Only a handful of UK students take the opportunities opened up by budget airlines and the wider availability of English-taught subjects to take an undergraduate course in the near-Continent.
But, after 2006, the near-absence of tuition fees in most of Europe compared with up to £3,000 a year at an English university make France, Scandinavia and Ireland rational choices for students seeking quality education while avoiding the heaviest direct costs.
European Union membership means that UK students are entitled to be treated as "home" students, just as their counterparts are when they study in Britain. This means that they pay the same for enrolment and student association membership, and are generally entitled to the same financial support.
Cheap flights and speed improvements on Eurostar to Paris or Brussels mean those occasional trips home can cost less than the train fare to Leeds or Manchester and can take less time.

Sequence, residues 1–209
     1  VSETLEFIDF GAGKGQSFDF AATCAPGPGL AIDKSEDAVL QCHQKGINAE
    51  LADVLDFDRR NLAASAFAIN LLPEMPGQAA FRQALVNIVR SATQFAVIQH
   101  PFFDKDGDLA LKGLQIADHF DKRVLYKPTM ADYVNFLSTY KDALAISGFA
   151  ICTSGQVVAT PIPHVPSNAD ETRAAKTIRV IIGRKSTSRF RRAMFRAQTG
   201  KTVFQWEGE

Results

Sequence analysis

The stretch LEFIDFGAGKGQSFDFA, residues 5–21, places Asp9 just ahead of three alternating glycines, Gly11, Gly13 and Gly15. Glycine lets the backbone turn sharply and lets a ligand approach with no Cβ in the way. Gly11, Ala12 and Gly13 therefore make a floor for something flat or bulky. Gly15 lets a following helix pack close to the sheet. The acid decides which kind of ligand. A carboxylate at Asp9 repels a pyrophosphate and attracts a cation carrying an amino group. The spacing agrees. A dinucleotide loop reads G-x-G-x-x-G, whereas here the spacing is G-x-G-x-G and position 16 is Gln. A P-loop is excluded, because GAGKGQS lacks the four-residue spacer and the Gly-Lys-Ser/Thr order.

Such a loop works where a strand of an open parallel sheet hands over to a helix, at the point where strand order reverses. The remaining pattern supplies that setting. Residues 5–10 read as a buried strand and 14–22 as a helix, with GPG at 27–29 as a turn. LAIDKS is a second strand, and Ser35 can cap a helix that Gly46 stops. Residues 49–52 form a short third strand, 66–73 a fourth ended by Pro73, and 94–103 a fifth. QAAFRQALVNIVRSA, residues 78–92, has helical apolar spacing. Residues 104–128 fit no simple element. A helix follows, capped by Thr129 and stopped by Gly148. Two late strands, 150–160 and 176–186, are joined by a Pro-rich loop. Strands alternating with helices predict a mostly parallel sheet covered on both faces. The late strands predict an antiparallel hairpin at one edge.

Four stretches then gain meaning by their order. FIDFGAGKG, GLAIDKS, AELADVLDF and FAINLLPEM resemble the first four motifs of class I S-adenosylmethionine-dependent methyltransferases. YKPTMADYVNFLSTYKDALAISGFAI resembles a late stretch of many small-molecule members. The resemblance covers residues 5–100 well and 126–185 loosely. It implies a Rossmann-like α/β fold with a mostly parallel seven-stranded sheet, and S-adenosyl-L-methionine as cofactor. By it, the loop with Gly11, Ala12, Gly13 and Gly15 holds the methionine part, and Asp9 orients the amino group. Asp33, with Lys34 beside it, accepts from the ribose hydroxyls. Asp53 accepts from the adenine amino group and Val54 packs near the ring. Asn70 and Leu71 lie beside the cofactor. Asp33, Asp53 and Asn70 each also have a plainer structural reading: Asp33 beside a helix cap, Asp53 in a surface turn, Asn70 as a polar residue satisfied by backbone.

Historically, most of the small proportion of UK students studying at undergraduate level overseas have been drawn to US elite schools or, increasingly, tempted by the sun, surf and can-do culture of Australia.
Programmes such as Socrates-Erasmus have given students the opportunity to spend a semester or even a year abroad, but very few have taken the opportunity to enrol on a full programme of undergraduate study in the EU.
However, as potential students review their study options, that number may grow.
The Times Higher talks to three who have taken the plunge, and assesses the pros and cons of becoming a Euro-student.